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Some reflections on #IDAHOBIT

Today is the annual International Day against Homophobia, Biphobia and Transphobia as we saw from Team INtogether’s post earlier.

The party has been marking the day in various ways. We’ve been tweeting up a storm. Liz Barker and Jonny Oates recorded this video:

There’s been a series of lovely graphics:

Norman Lamb has resubmitted his motion calling for people who want gender neutral passports to be able to have them. Recently, I saw on social media a teacher who has transgender and non binary pupils under their care object to these proposals. Imagine how that makes their pupils feel and how confident they would feel about that teacher to support them. That brings me to what’s been happening north of the border.

Willie Rennie took time out of his short-lived campaign to be First Minister to emphasise the need for all teachers in all schools – that’s the denominational ones, too – to be trained to ensure that all Scotland’s schools are inclusive environments for learning.

He said:

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Lamb says Tories failing on mental health waiting times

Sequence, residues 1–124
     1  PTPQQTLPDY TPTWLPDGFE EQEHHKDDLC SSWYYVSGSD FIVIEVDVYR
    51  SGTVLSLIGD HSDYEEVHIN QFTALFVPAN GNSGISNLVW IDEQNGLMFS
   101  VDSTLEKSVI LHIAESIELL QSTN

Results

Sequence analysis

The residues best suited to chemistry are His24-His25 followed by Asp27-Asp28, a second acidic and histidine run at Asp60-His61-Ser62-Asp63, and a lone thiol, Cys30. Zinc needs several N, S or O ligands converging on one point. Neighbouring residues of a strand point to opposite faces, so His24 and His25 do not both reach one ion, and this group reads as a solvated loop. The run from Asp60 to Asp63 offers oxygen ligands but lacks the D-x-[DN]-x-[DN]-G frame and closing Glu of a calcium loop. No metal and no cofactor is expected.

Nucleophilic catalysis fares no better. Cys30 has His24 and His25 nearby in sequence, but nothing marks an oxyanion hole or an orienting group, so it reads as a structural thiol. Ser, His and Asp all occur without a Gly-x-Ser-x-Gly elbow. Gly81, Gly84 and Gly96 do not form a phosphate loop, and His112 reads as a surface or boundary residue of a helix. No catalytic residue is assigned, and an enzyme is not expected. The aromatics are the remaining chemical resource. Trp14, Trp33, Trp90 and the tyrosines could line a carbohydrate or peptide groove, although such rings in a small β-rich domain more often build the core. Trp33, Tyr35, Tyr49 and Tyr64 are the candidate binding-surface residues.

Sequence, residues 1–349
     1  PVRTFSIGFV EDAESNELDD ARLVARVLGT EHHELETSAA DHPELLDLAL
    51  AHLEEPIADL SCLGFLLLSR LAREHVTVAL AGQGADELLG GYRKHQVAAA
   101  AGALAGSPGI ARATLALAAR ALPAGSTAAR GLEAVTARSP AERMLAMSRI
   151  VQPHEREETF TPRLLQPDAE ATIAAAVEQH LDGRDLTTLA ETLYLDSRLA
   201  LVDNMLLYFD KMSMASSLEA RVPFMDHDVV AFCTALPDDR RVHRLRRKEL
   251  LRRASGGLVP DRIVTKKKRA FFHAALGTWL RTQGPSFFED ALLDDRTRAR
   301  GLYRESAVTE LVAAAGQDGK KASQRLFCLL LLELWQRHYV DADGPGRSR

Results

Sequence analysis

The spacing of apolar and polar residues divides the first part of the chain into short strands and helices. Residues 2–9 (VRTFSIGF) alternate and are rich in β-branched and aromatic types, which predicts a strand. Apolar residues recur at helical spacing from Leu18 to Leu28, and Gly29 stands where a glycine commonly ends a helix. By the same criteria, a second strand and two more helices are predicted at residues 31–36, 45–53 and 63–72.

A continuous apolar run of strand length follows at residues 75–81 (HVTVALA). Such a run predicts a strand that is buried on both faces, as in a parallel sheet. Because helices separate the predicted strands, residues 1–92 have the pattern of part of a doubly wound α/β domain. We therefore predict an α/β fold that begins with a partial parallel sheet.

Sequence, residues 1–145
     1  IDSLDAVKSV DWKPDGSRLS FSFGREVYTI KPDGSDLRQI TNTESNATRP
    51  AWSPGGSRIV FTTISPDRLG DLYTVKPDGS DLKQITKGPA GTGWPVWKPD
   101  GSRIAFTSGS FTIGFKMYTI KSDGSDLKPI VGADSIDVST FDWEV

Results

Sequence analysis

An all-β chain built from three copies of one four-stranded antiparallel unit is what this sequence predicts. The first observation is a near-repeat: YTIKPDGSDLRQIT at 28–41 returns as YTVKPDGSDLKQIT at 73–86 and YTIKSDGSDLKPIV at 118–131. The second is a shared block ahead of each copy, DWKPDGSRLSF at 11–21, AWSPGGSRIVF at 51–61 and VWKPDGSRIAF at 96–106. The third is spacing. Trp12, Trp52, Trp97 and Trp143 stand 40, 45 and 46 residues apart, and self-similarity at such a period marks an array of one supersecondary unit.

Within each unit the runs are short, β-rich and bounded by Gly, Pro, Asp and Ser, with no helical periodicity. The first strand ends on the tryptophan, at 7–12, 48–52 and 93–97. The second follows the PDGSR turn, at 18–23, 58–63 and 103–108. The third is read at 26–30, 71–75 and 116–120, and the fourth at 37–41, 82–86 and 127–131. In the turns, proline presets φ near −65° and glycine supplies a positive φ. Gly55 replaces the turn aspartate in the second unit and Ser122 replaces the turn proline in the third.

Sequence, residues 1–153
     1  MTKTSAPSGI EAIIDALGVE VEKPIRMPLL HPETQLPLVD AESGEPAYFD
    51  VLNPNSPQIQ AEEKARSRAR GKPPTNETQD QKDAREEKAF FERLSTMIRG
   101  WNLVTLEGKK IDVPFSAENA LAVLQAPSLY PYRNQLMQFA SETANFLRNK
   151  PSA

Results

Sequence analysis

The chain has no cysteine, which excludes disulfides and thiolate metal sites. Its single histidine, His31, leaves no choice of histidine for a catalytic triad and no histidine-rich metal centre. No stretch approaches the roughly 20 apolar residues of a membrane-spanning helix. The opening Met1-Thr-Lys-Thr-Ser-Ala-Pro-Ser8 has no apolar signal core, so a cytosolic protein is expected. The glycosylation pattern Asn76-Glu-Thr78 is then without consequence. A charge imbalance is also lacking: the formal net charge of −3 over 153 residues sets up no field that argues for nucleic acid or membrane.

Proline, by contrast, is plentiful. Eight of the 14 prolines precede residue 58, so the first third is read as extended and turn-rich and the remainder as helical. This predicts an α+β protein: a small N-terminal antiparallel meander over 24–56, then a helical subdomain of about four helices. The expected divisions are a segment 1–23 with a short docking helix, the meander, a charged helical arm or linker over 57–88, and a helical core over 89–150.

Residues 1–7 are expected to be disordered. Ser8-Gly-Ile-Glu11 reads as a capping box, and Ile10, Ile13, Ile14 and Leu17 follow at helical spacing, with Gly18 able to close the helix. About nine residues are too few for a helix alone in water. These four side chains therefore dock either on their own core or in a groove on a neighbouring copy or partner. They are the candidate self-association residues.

So, it didn’t take long for the Tories to apply the brakes to all the good work done on mental health by Norman Lamb and, before him, fellow Liberal Democrat Paul Burstow.

The Independent talks exclusively to Norman about what’s happening now he’s not there to drive things forward.

Norman Lamb, who served as the minister responsible for mental health in the Coalition government, said that vital new waiting-times targets for a range of mental health conditions including bipolar disorder and OCD “won’t happen” because the plans were not funded.

He also hit out at an NHS England decision to water down financial incentives for local health authorities to improve mental health services, and criticised “scandalously low” levels of funding for research into mental health conditions.

Mr Lamb, the Liberal Democrats’ health spokesperson and one of the country’s leading campaigners for improved mental health services, said that “all signs” pointed to “a continuing disadvantage for those who suffer from mental illness with no prospect of it ever changing”.